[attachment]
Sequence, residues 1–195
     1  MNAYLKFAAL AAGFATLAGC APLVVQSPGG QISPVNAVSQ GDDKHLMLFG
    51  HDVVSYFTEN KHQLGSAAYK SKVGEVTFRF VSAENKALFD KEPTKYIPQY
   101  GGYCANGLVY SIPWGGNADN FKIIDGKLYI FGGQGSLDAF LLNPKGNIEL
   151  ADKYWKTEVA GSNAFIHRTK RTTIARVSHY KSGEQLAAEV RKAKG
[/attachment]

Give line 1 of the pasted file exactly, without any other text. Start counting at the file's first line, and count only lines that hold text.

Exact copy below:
Sequence, residues 1–195